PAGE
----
WASHINGTON • US Attorney-General William Barr has delivered an extraordinary rebuke of President Donald Trump, saying his attacks on the Justice Department had made it "impossible for me to do my job" and that "I'm not going to be bullied or influenced by anybody".
Mr Barr has been among the President's most loyal allies while being denigrated by Democrats as nothing more than his personal lawyer, but on Thursday he publicly challenged Mr Trump in a way that no sitting Cabinet member has.
"Whether it's Congress, newspaper editorial boards or the President, I'm going to do what I think is right," he said in an interview with ABC News, echoing comments he made a year ago at his confirmation hearing. "I cannot do my job here at the department with a constant background commentary that undercuts me."
His remarks were aimed at containing the fallout from the department's botched handling of its sentencing recommendation for Mr Trump's long-time friend Roger Stone, who was convicted of seven felonies over a bid to obstruct a congressional investigation that threatened the President.
After prosecutors recommended a sentence of seven to nine years in prison, Mr Trump spent days attacking them, the department and the judge presiding over Stone's case.
Such tweets "make it impossible for me to do my job and to assure the courts and the prosecutors in the department that we're doing our work with integrity", Mr Barr said.
"It's time to stop the tweeting about Department of Justice criminal cases."
Mr Trump did not immediately respond on Twitter, but his press secretary, Ms Stephanie Grisham, played down Mr Barr's remarks.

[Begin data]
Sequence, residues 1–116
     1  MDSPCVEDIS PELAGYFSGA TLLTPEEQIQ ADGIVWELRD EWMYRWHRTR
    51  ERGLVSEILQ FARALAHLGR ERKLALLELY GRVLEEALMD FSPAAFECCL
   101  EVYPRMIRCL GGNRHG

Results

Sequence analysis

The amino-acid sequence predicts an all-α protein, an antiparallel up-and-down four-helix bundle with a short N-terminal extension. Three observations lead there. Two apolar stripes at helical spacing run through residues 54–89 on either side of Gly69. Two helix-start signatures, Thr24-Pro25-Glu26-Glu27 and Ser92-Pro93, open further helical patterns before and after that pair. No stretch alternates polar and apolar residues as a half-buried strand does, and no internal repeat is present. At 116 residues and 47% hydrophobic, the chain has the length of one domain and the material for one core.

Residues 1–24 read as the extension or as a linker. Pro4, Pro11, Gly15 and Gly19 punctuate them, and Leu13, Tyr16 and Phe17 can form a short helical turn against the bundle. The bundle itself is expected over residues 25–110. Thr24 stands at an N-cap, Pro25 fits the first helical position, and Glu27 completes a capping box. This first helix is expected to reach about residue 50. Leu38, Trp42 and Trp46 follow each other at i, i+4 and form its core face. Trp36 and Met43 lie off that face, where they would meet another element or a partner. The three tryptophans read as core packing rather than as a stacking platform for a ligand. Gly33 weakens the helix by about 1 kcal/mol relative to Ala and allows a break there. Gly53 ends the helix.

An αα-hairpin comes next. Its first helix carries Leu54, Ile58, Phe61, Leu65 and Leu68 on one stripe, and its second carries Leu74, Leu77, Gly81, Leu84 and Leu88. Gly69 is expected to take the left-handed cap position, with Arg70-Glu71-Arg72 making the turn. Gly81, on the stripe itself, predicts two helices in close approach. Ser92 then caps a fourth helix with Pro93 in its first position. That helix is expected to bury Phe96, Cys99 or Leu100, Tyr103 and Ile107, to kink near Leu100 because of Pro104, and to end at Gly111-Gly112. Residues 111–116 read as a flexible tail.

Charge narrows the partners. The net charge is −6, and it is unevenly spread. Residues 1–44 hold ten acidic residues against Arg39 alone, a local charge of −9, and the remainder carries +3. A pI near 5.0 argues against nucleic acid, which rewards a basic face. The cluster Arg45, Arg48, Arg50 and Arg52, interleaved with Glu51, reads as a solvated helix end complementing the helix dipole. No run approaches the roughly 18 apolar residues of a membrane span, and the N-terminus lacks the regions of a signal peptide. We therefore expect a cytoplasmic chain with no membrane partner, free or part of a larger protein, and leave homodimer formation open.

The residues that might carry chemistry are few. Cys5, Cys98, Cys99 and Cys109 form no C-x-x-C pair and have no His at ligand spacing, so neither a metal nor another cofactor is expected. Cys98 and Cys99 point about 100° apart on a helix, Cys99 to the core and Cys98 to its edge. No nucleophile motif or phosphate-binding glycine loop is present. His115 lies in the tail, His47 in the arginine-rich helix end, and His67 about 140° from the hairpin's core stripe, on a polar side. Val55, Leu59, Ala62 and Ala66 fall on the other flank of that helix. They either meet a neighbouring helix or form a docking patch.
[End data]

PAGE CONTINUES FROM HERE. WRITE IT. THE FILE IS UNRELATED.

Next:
"The President wasn't bothered by the comments at all, and he has the right, just like every American citizen, to publicly offer his opinions," she said, adding that Mr Trump has confidence in his Attorney-General.
The fallout from the Stone episode threatened to spin out of control after the four prosecutors on the case withdrew from it and Mr Trump widened his attacks on law enforcement, thrusting Mr Barr into a full-blown crisis.
Republicans in Congress rushed to voice support for Mr Barr, urging the President to heed his advice. "If the Attorney-General says it's getting in the way of doing his job, maybe the President should listen," Senator Mitch McConnell, the Senate majority leader, said in an interview on Fox News.
Senator Lindsey Graham, who is chairman of the Senate Judiciary Committee and is close to the President, said in a statement that the Attorney-General was "the right man at the right time to reform the department and stand up for the rule of law".
Critics of the Attorney-General were loath to accept his comments at face value, seeing them mainly as a face-saving way to deflect responsibility for his own role in carrying out the President's political wishes.
Mr Joe Lockhart, a White House press secretary under President Bill Clinton, said it was "impossible to believe" that after all he had done to advance Mr Trump's political interests, "now Barr is genuinely upset".
"The tell here will be Trump's reaction. If he doesn't lash out, we'll all know this was pure political theatre because everyone agrees Trump has no self-restraint."
In the interview with ABC, Mr Barr declared his independence in what amounted to an explicit challenge to a President who prizes loyalty over almost anything.
"The things I have most responsibility for are the issues that are brought to me for decision," said Mr Barr. "And I will make those decisions based on what I think is the right thing to do, and I'm not going to be bullied or influenced by anybody."